Many of us dream of starting our own business. When looking around, it’s tempting to think, “Hey, anyone can do this!” But it’s important to remember that there’s a difference between merely starting a business on paper and setting yourself up for success. Done correctly, it takes careful planning, investment, and motivation. Going in blind and starting a business without knowing what you’re getting into can lead to costly failure.
In this article, we’ll attempt to take as much of the guesswork out of the process as possible by showing you how to start a business in 13 general steps. Some of these steps will be slightly different based on the region you live in. For example, the “legal stuff” in this article specifically focuses on the US.
That said, no matter where you reside we recommend checking with a local lawyer and your local government to determine any legal requirements for starting a business in your area. Nothing in this article should be considered legal advice.
With that caveat out of the way, let’s talk about what you need to do to not only start your business but set yourself up for success!
1. Start with You
Don’t just jump in. Make sure you have what it takes to run your own business. Don’t limit yourself, but evaluate yourself to know who you’re dealing with. Know your strengths, weaknesses, likes, dislikes, tastes, and interests. Know your skills, passions, the lifestyle you’re after, how much you can spend, how much you can afford to risk, and the types of work you want to do.
Not everyone can be their own boss. It takes motivation and discipline to see the project through and it’s difficult to stick with something you don’t like. It’s okay if you don’t know much about business itself at first. Take courses if you need to. The important thing is that you’re completely invested in (and a good fit for) the work required for the business you choose to create.
2. The Business Idea
It pays to spend some time on the business idea. Here are a few things to ponder:
Maybe you have a better solution to an annoying problem. What problems can you solve?
Look at what’s coming soon in various industries such as technology, health, entertainment, etc. Ask how it will change life or business in general and what you can do to position yourself (and your business) to capitalize on that change.
How can you apply your skills to a different industry? For example, do you have a unique skill set or way of thinking learned in one industry that has yet to be applied to another? Perhaps there’s opportunity there?
Can you provide something better or cheaper than it’s currently being provided? Can you provide something to a location that doesn’t have access to it?
You can also search the web for business ideas and take note of those that sound like a good fit for you.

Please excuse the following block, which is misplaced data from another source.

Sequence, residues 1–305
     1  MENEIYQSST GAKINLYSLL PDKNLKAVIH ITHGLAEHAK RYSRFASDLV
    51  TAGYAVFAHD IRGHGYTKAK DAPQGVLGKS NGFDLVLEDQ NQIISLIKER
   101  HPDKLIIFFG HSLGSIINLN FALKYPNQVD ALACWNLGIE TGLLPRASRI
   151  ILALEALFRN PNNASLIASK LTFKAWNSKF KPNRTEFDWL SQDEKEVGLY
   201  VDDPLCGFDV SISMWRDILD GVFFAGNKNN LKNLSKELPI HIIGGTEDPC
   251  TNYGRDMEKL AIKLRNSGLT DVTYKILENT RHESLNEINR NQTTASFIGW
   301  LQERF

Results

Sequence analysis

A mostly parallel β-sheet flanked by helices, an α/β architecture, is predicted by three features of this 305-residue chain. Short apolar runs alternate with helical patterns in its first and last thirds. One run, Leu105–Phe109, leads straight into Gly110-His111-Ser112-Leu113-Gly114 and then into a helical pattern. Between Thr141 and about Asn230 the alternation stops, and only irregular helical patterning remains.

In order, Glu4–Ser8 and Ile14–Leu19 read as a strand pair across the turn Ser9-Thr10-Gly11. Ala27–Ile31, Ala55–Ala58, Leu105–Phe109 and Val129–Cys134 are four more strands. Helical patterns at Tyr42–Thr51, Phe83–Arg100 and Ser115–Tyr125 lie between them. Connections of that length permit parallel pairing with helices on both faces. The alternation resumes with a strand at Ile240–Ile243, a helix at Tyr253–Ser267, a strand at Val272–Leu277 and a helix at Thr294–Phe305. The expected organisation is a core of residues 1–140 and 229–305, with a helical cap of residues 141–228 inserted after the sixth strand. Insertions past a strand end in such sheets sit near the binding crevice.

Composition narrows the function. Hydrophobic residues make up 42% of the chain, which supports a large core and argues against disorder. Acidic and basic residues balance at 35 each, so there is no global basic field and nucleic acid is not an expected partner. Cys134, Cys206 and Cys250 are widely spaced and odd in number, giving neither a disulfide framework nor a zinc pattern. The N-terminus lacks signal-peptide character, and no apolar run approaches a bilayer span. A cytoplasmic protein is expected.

One method is to ask yourself a few simple questions that will help you narrow down your options:
- What are your strengths?
- Of those strengths, what is in demand?
- Of what is in demand, what can you afford to provide?
Once you have a few ideas, run them by someone you trust that has a strong sense of business. Ask for advice from other entrepreneurs that you trust.
3. Perform Market Research
Once you have your business idea, research it to make sure that it’s in demand, that there’s room in the market for you, and that you can afford to provide it. Perform a SWOT Analysis (Strengths, Weaknesses, Opportunities, and Threats).
Research your competitors and the market demand in the area you’ll provide the business. This might require you to interview businesses to see if they need your product or service.
You have to figure out your unique advantage–often referred to as a unique selling proposition. Your business will fail if you’re number 75 trillion on Google that’s offering the same service. How are you different? What can you do that they’re not doing?
It’s important to do your own research. Someone else’s research might not be complete or it could be out of date. They may have focused on a different point than you need to. Also, don’t just search online. Go to the source. The more time you invest up front the fewer problems you’ll run into later.
4. Write a Business Plan
A business plan is a written description of your business. It works like a roadmap and should be updated over time. It helps give you the information you need to develop the business and get funding (or what it will take to bootstrap, if that’s the path you choose). It also provides projections to help you decide how viable your idea is.
There are several ways to create a business plan. The Small Business Administration recommends creating a detailed description of each point in this structure”
- Executive summary – a high-level summary
- Company description – describes the business
- Market analysis – target market, competitors, etc.
- Organization and management – who does what and why they’re qualified
- Service or product line – details about the products
- Marketing and sales – what are the sales channels and what is the strategy
- Funding request – what is needed, how it will be used, when it will be paid back
- Financial projections – how much the company will make and when for 5 years
- Appendix – projections, resumes, licenses, contracts, etc.